Is Wireless Cloud Networking The Answer To Your WiFi Problems?
Providing reliable and secure enterprise WiFi access has been keeping network administrators awake at night for more than a decade. Access points keep failing, the signal drops without warning, interference from other devices in the office sporadically affects performance, WLAN drivers continually need updating, and that’s before we even consider the security implications of having WiFi access points broadcasting their existence to the outside world.
But times are changing; wireless has seen the biggest step change in the technology of all the networking protocols over the past five years or so. The introduction of cloud management solutions from companies like AeroHive, along with new networking standards such as 802.11AX, mean that WiFi networks are faster and more reliable than ever before.
What is wireless cloud networking?
The concept of wireless cloud networking first appeared in 2012 when companies such as AeroHive began using a more distributed cloud-based approach to creating and managing large numbers of Wireless Access Points (WAPs). The wireless cloud networking management approach allows network administrators to centrally configure, secure and manage individual WAPs, which enable seamless handoff from each WAP device, allowing users to move around a building freely without losing network connectivity.
This central cloud controller also allows network administrators to manage devices from a single location, reducing the amount of time required on site and increasing network availability. Individual WAPs can be rebooted, reconfigured, updated or taken offline without an engineer having to be on site. This single pane of glass also increases network visibility, allowing administrators to spot potential bottlenecks and fix them before end users are affected. This has even greater benefits for larger locations that have distributed networks, with the amount of hardware required to manage the network significantly reduced compared to using traditional WLAN controllers.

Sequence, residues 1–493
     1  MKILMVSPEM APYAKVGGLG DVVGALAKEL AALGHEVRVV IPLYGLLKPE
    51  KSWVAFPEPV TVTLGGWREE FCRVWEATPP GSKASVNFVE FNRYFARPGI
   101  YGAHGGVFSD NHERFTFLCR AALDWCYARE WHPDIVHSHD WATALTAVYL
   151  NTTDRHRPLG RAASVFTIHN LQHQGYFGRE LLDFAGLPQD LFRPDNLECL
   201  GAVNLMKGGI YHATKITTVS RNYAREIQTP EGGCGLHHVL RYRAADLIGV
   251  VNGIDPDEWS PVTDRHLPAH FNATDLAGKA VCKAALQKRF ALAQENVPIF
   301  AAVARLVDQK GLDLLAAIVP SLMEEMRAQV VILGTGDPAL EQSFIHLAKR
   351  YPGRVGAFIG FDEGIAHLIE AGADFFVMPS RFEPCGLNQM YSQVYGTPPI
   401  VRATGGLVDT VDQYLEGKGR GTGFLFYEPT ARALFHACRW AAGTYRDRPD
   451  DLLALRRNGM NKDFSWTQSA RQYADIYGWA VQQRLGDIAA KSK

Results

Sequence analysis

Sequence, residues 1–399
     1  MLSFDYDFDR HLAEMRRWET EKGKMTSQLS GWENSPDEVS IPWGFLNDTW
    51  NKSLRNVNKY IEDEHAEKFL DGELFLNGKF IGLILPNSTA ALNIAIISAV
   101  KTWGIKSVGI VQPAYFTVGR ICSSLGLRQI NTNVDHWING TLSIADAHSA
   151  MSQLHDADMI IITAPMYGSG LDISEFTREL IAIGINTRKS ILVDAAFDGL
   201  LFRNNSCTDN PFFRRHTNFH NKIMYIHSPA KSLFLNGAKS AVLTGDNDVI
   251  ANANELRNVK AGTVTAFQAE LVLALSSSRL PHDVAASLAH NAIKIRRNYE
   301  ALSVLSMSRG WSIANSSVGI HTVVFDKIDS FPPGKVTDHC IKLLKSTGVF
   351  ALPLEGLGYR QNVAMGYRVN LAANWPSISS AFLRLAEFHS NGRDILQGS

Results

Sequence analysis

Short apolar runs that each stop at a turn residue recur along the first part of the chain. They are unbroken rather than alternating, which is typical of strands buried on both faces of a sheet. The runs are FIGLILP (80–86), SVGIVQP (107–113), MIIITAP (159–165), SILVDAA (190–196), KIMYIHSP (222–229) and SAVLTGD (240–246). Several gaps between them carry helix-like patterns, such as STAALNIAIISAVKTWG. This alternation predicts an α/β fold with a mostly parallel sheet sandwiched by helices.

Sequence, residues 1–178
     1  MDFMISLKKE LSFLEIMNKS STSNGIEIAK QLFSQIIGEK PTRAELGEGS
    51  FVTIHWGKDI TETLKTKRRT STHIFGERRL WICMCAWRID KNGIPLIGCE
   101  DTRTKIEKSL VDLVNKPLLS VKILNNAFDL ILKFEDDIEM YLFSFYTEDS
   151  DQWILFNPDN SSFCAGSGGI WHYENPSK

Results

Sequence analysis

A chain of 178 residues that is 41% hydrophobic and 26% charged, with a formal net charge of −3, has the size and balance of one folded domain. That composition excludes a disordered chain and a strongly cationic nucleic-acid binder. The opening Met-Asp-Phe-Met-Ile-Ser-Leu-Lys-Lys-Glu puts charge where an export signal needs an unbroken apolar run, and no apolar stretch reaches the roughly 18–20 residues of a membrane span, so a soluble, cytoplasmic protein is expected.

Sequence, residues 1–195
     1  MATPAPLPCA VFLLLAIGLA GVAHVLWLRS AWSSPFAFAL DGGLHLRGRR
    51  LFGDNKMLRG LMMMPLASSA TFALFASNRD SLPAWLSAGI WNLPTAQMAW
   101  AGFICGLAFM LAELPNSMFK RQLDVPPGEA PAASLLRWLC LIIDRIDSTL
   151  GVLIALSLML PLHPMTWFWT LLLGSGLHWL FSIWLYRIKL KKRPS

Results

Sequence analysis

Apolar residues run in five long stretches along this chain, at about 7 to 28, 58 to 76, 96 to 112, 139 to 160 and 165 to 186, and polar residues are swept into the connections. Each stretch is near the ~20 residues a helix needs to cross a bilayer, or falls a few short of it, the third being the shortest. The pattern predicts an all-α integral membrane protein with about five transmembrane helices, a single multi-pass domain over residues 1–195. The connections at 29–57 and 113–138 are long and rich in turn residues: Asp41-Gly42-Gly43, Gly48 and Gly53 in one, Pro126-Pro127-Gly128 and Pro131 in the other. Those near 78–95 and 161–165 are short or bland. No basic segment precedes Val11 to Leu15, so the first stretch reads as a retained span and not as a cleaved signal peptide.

The changing LANscape
This step change in technology means that we are now at a stage where centrally managed wireless networks are able to compete with traditional wired Ethernet networks for speed and reliability. But should you make the change over? The answer depends on the size and complexity of your network. Certainly, for larger distributed enterprises, a cloud-based approach makes sense, the central management of the console will improve both reliability and security while reducing admin costs.
Many educational establishments will also benefit from having a centrally managed wireless network. Most schools and colleges don’t have enough expertise in-house to manage a large WiFi deployment, which results in patchy performance and compromised security. By handing this over to an experienced wireless cloud networking management company, costs can be contained while improving the performance and security of the overall network.